Study Links Alcohol To Skin Cancer
Consuming one or more alcoholic drinks a day may increase your skin cancer risk by a fifth suggests a new study published in the British Journal of Dermatology.
The study looked at 16 different studies and involved thousands of participants. Risk increased proportionately with alcohol intake.
Those who drank 50g of ethanol daily (the equivalent of a few strong beers) were up to 55% more likely to develop the deadliest form of skin cancer, melanoma, compared with non or occasional drinkers.
Dr Eva Negri one of the study authors, said: “We know in the presence of UV radiation, drinking alcohol can alter the body’s immune competence and the ability to produce a normal immune response. This can lead to far greater cellular damage and subsequently cause skin cancers to form.”
She said other forces could also be at play. ” It’s possible that those who drink in the sun may do so without sufficient protective clothing or sun lotion. This study aimed to quantify the extent to which the melanoma risk is increased with alcohol intake. We hope that armed with this knowledge people can better protect themselves in the sun.”
Now there’s an APP to help manage alcohol intake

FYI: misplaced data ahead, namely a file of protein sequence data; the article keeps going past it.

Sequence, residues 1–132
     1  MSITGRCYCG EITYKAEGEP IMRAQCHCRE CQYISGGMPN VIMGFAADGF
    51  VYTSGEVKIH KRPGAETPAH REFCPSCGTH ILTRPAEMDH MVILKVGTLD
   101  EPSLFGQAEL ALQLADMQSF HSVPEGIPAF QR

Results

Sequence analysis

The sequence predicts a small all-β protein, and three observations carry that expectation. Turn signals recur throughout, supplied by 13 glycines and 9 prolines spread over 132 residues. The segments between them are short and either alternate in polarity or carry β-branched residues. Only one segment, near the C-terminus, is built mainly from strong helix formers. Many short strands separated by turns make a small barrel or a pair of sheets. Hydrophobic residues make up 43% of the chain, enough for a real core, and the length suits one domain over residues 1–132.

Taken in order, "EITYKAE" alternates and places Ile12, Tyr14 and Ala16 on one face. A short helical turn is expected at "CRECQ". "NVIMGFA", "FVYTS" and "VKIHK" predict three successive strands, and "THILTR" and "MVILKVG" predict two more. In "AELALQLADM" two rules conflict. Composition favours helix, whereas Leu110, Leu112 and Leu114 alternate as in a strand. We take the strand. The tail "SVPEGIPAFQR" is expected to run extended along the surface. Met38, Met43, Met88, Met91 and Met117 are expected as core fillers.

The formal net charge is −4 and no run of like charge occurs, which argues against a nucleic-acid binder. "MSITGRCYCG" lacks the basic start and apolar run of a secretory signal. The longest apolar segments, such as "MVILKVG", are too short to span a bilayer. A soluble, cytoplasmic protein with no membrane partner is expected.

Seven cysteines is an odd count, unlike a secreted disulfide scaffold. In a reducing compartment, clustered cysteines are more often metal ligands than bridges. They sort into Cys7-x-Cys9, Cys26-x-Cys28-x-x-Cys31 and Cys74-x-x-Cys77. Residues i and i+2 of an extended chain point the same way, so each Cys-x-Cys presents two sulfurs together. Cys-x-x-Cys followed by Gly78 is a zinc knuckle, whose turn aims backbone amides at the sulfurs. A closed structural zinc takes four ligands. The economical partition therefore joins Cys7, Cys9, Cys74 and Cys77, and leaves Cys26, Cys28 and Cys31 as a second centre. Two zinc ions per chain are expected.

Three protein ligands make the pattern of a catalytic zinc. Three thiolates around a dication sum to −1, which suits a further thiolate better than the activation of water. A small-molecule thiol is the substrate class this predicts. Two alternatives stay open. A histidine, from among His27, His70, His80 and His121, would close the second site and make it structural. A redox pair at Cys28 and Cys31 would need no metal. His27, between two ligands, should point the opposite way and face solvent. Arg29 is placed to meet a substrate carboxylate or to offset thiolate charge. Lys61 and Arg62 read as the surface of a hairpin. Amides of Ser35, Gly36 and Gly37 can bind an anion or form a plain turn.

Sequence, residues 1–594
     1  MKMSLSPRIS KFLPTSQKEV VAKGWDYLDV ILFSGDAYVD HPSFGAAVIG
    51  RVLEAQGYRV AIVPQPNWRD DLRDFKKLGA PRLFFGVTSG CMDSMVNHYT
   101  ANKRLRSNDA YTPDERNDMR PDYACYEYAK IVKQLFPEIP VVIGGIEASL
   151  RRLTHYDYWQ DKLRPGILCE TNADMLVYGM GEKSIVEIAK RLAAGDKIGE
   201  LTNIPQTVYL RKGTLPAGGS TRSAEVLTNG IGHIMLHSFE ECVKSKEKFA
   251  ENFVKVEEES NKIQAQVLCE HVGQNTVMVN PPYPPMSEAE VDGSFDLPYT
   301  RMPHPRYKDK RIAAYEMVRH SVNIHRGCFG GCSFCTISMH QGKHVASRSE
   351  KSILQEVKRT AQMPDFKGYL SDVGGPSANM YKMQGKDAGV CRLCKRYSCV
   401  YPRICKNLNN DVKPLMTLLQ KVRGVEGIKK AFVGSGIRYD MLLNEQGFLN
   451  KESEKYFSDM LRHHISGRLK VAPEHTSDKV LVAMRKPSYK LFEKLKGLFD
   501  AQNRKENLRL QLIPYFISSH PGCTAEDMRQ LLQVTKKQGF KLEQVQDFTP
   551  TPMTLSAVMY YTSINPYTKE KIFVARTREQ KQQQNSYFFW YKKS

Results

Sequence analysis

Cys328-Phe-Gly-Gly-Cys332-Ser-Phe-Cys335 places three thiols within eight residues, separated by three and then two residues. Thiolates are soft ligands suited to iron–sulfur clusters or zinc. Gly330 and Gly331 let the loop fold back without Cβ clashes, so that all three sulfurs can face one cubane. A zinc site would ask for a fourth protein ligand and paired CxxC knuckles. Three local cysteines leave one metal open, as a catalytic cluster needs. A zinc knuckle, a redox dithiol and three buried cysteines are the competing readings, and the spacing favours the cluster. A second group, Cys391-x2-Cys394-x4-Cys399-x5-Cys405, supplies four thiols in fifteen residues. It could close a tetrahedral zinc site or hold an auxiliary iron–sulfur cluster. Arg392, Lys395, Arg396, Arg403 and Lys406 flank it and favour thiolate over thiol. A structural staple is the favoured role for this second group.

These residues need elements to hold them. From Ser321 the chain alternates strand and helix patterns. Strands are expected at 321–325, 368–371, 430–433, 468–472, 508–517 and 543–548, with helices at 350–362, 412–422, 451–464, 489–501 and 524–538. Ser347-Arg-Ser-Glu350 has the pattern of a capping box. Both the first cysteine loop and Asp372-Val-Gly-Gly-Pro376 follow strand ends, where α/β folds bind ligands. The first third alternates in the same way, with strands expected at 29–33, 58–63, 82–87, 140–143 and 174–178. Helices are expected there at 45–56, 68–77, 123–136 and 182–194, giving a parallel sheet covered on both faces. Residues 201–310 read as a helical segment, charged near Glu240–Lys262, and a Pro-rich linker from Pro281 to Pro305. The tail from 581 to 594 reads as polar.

StepAway is an app developed to help manage alcohol intake. The app’s developer, Patrick Dulin, PhD, from the University of Alaska Anchorage, presented his findings at the annual Telemedicine meeting. A six-week pilot study enrolled 28 people with alcohol-use problems – they drank at least 21 drinks per week for men and 14 drinks for women.
StepAway led them through 10 intervention steps designed to enhance coping, maintain motivation for change, provide connection to supportive others and increase their sense of control over alcohol. The results? Participants cut the number of drinks per day in half, and their days of no drinking at all went from 30% to 55%.
Alcohol-intervention programmes are often hit-or-miss the first (second or third) time, but this app might boost success when combined with more traditional 12-step programmes. And it offers support for people who can’t get to or don’t want to attend in-person alcohol recovery groups.
If you’re trying to stop or reduce your drinking, this is certainly worth a try. Your liver, skin and your loved ones will thank you.